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Working without a net ...Health insurance too high for many self-employed

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by Carrie Groves

SBJ Contributing Writer

According to the Federal Bureau of Labor Statistics, more than a quarter of America's self-employed workers do not carry health insurance. Faced with paying the total burden of ever-rising health coverage costs, self-employed businesspeople are deciding against health insurance, despite the financial risks.

Cathy and Bruce Clemens of Springfield are the owners of Silver Feather Arts, a small company producing hand-made jewelry.

Bruce Clemens left his job as an electronics technician at a California university some years ago to become a self-employed watchmaker. Cathy Clemens, a jewelry designer/craftsman, said their family of three has "no insurance now because we feel we can't afford it," she said. "If anything major happens, we'd be sunk. We just try to stay healthy, and have faith that nothing bad will happen."

Rates for private plans for a family of four run anywhere from $600 to $1,200 a quarter, usually with a family deductible of $2,000 or more. Lower deductibles push the rates higher. Carrying a high deductible also means the insured pays a larger copay for a doctor's office visit.

These policies function primarily as major medical protection, useful mainly in case of a medical catastrophe. When a family applies for a private insurance policy, the cost of coverage is calculated not only on the claims history of the family, but on the statewide claims history for all of the other private policy applicants enrolling with that insurance company around the same time.

Simply put, this means that even if an applicant has never had a health claim, his family's rates are determined, at least in part, by the health of total strangers.

Elizabeth and Reggie Smith of Rogersville do landscaping and excavation work as S and S Enterprises. "We don't have health insurance," Elizabeth Smith said, "because it's too expensive for a family of four. And I want to stay with my own doctor, but the HMO and PPO plans limit who I can see. I have some ongoing health issues, and insurance companies don't want to cover those, anyway. So I'm very careful about my health, but we worry."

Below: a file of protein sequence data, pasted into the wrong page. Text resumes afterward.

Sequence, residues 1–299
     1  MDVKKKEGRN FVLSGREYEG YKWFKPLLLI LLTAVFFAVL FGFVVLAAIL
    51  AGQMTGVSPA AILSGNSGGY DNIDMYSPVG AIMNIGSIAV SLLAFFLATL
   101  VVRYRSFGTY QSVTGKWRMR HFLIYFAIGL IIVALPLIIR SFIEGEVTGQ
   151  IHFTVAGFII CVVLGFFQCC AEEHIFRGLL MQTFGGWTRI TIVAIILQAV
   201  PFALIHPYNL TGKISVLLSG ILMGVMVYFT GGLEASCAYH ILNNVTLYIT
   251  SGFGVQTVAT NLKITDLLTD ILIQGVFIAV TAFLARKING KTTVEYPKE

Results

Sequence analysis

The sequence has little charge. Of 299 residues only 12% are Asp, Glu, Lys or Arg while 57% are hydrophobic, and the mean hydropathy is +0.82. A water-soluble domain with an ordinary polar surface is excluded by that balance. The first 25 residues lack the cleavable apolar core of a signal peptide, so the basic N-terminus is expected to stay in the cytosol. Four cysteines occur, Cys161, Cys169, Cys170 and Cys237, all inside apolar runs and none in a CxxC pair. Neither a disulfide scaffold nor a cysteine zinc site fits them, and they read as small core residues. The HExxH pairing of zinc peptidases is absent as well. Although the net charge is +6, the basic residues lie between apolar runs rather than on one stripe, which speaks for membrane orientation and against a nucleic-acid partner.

Lack of coverage for pre-existing conditions is another problem many of the self-employed face when looking for health. Most companies mandate a waiting period of one or two years before paying on claims related to chronic illnesses or ongoing health problems.

And with premiums rising up to 15 percent a year, costs just keep escalating. Susan Bieri and her husband ran a dairy farm in Taney County before ending up in Springfield. They had no health insurance then, and now, as Bieri prepares to open her "art, antique and eclectic 'junque' store" The Rare Breed, on Walnut Street, she is still without coverage.

"I have insurance on my two kids," she said. "I'm looking at various plans right now, but I'm not convinced that I can afford it for myself."

Currently, there are only limited benefits to be gained by providing insurance for yourself if you are self-employed. New federal legislation will ensure that by the year 2003, all medical plan premiums will be fully deductible expenses for sole proprietors and S Corporation shareholders. However, the self-employed will still have to deal with large out-of-pocket expenses.

Medical savings account plans have been around since the 1980s, and their use was strengthened by Congress in 1997. Although the coverage is fairly simple to implement, the plan demands strong financial discipline on the part of the insured, as money must be set aside every month to pay for the required high deductibles.

Customer resistance to the enforced savings, along with the fact that sales commissions on these plans are low, may discourage insurance salespeople from urging their consideration.

Self-employed businesspeople almost never carry workers' compensation for themselves, seeing it as yet another financial burden.

Coverage is state-regulated, and in Missouri, if you have fewer than five employees, you are not required to provide workers' compensation. You are, however, still obligated by law to pay medical costs for a worker injured on the job. Without work comp coverage these unlimited medical benefits are the burden of the business owner.

Health coverage for the self-employed? Cathy Clemens sums up the prevailing view: "You just can't afford to get sick."

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